As of Thursday, December 10, 2015
2015 was the year of new beginnings for Wet Seal.
After more than 20 years of acting as a public company, the Foothill Ranch, Calif.–headquartered juniors retailer went private.
The publicly traded company The Wet Seal Inc. suffered through a bruising proxy battle and bankruptcy before an affiliate of Versa Capital Management LLC, headquartered in Philadelphia, acquired the retail chain. In April, the private-equity company took the retailer private under a new name, The Wet Seal LLC.
The company stepped out of the public spotlight, but more changes were to come. In August, Ed Thomas, Wet Seal’s chief executive officer, left the company and later landed the CEO spot at action-sports retailer Tilly’s Inc.
It was also announced that Melanie B. Cox, a Wet Seal board member and veteran retailer, would helm the private retailer, which continues to run a fleet of 170 locations, including at high-level malls such as Southern California’s Del Amo Fashion Center and the Irvine Spectrum.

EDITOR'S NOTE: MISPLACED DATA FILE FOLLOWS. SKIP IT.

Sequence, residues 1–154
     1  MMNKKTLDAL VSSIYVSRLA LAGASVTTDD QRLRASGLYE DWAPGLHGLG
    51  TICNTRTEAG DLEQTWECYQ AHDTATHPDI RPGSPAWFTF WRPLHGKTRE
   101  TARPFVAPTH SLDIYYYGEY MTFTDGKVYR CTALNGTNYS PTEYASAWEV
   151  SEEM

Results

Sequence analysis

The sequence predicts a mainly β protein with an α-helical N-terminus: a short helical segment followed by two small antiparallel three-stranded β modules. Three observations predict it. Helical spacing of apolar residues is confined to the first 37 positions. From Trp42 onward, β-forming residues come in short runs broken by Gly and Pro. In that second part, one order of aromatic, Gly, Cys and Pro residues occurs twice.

Cox said that shoppers would see a Wet Seal that is familiar yet new.
“Since I came in as CEO in August, we have been rapidly changing direction and returning to our roots as a Southern California apparel retailer known for casual, effortless style offerings targeting the 18 to 24 demographic,” Cox said. “Our 170-store chain is changing nearly 35 percent of its SKUs this holiday season, with a store-design revamp that is enhancing the customer experience from visual presentations to music. Evidence of this new program’s success is visible in Black Friday sales, which were up double digits, both online and in-store.”
The market for juniors fashions remains highly competitive and has been dominated by fast-fashion emporiums such as Forever 21 and H&M. The question remains—can Wet Seal mount a comeback? Retail analyst Howard Davidowitz said that it is possible.
“If something is well executed and it can capture people’s imagination, there will be a niche for it,” he said. Davidowitz is the founder of New York investment bank and consultancy Davidowitz & Associates.
But comebacks are tough. “The record is that once a chain hits a certain point, it is unusual to be able to reinvent it.” He said the best time to mount a comeback or reinvent a company is while it still has a customer. After a collapse of a company and a bankruptcy, a retailer’s customers may have moved on.
“When you still have a customer base, that is when you have your best shot,” he said.